|Gaelic name||Sula Sgeir|
|Meaning of name||Gannet Skerry|
Sula Sgeir shown within Scotland
|Coordinates||59°05′N 6°09′W / 59.09°N 6.15°WCoordinates: 59°05′N 6°09′W / 59.09°N 6.15°W|
|Island group||North Atlantic|
|Sovereign state||United Kingdom|
|Council area||Outer Hebrides|
Sula Sgeir is a small, uninhabited Scottish island in the North Atlantic. One of the most remote of the British Isles. The island is inhospitable to humans. There is a ruined stone house called Taigh Beannaichte (Blessed House) on the east headland Sgeir an Teampall, the island is formed by pieces of rocks, where are often hard to walk on. Sula Sgeir is a National Nature Reserve since 1956. It is an important place for birds.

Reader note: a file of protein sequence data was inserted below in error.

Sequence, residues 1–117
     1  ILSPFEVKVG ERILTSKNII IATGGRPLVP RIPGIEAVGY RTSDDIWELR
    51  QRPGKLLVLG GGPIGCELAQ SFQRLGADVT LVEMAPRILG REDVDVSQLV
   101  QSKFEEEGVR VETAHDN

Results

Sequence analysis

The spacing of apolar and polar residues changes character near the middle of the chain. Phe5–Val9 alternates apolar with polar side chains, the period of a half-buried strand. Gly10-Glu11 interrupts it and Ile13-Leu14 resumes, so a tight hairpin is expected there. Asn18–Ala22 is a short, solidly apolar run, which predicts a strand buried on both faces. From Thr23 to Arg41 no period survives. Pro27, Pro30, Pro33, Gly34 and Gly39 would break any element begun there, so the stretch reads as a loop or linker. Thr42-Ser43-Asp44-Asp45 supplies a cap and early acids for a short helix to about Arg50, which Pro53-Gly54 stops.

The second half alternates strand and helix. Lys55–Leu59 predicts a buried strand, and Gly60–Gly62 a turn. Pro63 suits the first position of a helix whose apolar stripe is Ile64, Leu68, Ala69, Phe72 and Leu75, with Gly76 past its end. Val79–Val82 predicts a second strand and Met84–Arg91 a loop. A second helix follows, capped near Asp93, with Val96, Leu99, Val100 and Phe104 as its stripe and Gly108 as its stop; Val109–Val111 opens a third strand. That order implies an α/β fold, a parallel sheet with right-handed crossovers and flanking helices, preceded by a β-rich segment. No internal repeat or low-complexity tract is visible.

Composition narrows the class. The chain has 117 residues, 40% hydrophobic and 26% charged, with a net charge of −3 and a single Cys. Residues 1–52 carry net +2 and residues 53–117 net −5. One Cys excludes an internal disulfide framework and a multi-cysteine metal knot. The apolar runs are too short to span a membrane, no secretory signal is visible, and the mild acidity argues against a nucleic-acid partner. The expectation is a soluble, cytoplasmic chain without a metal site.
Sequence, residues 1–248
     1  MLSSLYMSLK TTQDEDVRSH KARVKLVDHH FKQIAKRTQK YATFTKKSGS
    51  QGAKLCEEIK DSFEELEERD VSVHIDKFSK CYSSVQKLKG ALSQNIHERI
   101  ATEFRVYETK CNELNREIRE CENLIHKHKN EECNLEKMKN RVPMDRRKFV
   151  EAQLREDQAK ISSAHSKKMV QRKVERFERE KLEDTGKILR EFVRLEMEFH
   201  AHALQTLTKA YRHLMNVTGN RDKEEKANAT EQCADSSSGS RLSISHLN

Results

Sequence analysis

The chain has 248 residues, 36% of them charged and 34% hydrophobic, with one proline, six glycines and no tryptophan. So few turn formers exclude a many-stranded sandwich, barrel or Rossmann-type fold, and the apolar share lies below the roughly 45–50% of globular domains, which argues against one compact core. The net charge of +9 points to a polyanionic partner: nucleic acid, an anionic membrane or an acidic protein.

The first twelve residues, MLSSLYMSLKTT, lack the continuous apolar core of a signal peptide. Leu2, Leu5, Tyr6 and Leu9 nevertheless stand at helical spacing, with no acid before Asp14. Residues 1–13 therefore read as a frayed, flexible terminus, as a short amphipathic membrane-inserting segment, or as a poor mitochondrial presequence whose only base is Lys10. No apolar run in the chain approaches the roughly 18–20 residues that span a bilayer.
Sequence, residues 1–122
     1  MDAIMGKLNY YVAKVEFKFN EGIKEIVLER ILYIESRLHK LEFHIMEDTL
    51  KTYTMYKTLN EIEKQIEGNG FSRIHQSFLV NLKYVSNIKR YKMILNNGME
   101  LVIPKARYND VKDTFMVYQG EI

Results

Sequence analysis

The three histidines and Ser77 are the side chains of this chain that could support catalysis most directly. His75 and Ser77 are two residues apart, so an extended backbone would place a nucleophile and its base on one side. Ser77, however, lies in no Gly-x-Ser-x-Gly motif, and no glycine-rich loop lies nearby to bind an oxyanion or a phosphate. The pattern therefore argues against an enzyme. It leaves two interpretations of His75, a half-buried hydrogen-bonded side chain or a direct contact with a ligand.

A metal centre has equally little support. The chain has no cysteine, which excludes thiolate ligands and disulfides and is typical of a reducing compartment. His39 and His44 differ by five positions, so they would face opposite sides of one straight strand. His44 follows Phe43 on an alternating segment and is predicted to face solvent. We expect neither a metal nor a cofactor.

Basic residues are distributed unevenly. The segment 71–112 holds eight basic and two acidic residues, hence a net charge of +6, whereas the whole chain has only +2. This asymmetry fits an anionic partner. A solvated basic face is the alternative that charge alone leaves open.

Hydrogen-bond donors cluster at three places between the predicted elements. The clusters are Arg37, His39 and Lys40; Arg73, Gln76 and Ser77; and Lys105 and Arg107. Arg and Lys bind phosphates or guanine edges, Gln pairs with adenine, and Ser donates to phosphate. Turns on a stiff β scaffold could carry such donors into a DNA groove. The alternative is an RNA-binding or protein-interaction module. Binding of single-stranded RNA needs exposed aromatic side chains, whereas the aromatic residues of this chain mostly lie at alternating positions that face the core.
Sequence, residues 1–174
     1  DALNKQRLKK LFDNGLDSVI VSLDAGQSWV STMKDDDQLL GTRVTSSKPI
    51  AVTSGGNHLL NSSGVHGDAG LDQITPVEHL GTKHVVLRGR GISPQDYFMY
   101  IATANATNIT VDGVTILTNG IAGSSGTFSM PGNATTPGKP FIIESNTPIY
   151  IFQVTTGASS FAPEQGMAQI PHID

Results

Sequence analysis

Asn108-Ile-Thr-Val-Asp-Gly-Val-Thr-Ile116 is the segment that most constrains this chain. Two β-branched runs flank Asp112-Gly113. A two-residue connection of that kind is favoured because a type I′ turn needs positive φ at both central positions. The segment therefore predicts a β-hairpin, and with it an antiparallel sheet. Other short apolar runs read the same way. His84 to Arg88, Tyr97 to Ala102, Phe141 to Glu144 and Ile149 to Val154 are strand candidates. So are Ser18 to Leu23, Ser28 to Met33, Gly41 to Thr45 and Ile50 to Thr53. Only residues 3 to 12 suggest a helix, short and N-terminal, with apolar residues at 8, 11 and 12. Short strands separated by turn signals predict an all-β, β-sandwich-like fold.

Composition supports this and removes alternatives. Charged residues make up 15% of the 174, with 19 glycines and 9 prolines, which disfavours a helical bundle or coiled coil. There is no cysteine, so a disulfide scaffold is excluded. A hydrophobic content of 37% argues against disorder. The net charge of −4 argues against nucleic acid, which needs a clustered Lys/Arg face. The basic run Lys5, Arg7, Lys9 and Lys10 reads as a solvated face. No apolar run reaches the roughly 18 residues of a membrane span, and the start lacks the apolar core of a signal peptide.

The most famous part of island are the caves, which can be explored.
Fauna[change | change source]
There are 5,000 breeding pairs of gannets on Sula Sgeir, which they share with other bird species such as Black-legged Kittiwakes, guillemots, puffins and fulmars.